We began our tour in the Meeting Room of the Society, where the President’s chair, the back upholstered in crocodile leather, sits behind a massive desk, carved in fine detail with plants including Linnaea. Among the portraits on the walls are those of Linnaeus himself, of the Hookers père et fils (Sir J.D. looking remarkable ferocious in his whiskered and bespectacled old age), of Darwin (the original painting commissioned by the Society from John Collier, who made copies, one of which is in the National Portrait Gallery), of Robert Brown and Sir John Lubbock, and of Richard Pulteney in a red velvet gown and cap (I couldn’t photograph it because of reflected light on the glass, but below is the derived print). Next to Darwin is Alfred Russel Wallace, who was never painted in his own lifetime: the portrait is a recent composite based on several photographs taken in his old age.

Darwin, painted for the Linnean Society in 1881 by John Collier (1850–1934), who, not coincidentally, was the son-in-law of T.H. Huxley, ‘Darwin’s Bulldog‘.

Robert Brown (1773–1858), by H.W. Pickersgill (1782–1875).

Richard Pulteney: a print derived from the portrait owned by the Linnean Society.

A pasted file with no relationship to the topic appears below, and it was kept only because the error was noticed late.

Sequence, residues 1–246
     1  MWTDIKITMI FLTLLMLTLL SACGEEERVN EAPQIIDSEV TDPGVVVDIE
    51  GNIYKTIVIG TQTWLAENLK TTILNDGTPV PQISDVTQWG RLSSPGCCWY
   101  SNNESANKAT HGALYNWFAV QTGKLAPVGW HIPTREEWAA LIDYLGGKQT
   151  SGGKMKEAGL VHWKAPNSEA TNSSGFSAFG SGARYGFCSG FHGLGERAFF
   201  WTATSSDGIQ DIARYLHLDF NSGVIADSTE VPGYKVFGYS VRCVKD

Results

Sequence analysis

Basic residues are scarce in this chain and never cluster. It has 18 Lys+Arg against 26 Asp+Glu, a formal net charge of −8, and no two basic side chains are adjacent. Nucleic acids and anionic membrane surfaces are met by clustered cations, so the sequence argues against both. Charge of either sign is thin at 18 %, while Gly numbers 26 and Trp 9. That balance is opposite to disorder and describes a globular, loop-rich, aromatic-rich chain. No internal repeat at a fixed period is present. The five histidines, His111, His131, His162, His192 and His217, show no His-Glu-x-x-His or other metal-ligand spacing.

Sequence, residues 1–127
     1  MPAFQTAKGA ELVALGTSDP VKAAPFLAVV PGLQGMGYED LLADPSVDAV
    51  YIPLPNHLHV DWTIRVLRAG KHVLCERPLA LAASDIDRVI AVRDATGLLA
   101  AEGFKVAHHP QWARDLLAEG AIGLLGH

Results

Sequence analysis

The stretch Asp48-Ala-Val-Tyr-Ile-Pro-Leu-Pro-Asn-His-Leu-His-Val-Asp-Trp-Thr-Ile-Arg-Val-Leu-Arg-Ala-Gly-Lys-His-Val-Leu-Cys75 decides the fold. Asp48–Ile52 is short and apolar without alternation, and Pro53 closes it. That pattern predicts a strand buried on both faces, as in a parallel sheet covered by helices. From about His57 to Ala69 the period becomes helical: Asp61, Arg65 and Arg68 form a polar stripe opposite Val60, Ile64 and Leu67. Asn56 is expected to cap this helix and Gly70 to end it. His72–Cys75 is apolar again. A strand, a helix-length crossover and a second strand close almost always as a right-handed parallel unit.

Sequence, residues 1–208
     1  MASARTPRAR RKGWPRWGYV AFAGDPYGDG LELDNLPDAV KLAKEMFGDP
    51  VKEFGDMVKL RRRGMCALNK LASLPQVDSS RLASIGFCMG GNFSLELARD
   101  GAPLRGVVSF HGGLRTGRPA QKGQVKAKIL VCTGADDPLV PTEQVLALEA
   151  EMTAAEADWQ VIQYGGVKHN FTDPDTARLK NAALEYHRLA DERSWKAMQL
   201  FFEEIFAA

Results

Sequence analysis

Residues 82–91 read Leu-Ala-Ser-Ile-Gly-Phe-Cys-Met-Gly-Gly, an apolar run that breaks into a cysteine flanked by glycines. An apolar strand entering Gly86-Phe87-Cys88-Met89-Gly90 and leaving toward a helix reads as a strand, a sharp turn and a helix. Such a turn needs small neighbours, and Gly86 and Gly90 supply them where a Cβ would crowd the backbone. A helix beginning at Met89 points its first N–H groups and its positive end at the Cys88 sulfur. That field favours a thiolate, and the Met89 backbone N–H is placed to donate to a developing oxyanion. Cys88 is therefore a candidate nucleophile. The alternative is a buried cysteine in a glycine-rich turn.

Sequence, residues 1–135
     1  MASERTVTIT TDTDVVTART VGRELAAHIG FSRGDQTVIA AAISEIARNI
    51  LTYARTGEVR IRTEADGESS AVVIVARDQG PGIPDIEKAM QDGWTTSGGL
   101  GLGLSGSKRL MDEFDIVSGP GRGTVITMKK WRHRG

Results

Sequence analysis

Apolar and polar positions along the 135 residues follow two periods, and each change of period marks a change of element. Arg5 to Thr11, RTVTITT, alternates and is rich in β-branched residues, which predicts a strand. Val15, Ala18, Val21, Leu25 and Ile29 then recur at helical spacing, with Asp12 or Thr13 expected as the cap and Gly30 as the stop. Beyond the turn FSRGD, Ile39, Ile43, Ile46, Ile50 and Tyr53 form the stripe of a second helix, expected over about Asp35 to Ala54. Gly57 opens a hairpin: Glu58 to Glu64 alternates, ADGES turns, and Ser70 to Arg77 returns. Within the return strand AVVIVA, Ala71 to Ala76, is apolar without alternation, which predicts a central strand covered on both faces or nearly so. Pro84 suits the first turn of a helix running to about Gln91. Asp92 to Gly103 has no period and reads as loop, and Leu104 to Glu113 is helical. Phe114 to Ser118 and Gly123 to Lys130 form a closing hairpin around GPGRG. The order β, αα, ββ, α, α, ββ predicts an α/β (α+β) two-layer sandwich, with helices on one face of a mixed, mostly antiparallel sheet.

The Linnaean collection is held in a fireproof room, effectively a huge safe with a mighty steel door by the estimable Chubb and Co. There is just enough room inside for a small party to shuffle round the two central tables. The walls are lined with shelves: from waist height up are the books from Linnaeus’s library.

Linnaeus’s copies of his own books.

Works by Philip Miller owned by Linnaeus (with modern rebindings).

Linnaeus’s copies of John Ray’s Historia Plantarum. …

… and his copies of Tournefort’s Voyage au Levant and Institutiones Rei Herbariae.

Micheli‘s Nova Plantarum Genera.

Below are cases containing the shells, insects (from tiny moths to enormous, iridescent horned beetles), fish (one complete side of the skin, with or without the backbone, adhering to the mounting paper through its own glueyness) and of course the herbarium specimens. (Linnaeus originally had a large collection of geological samples, but Smith was not interested in these, and they were sold off – some possibly to the British Museum: our guide speculated that they may lie undiscovered in some basement below the Natural History Museum …)

We were shown a first edition of the Systema Naturae (1735): a very large-format book printed in the Netherlands, and the first manifestation of Linnaeus’s sexual system for classifying plants, as well as his binomial conventions. It is a surprisingly short book of eleven pages, tabular in layout, and demonstrating his hierarchical view of the animal, vegetable and mineral worlds. (There is a small section called ‘Paradoxa’ in which things like the phoenix, the hydra and the unicorn are listed, as possible but as yet uncategorised organisms.) Later editions were printed after his return to Sweden, in a much smaller format, but with more and more specimens in each successive version (the twelfth edition of 1766 to 1768 was 2,400 pages long).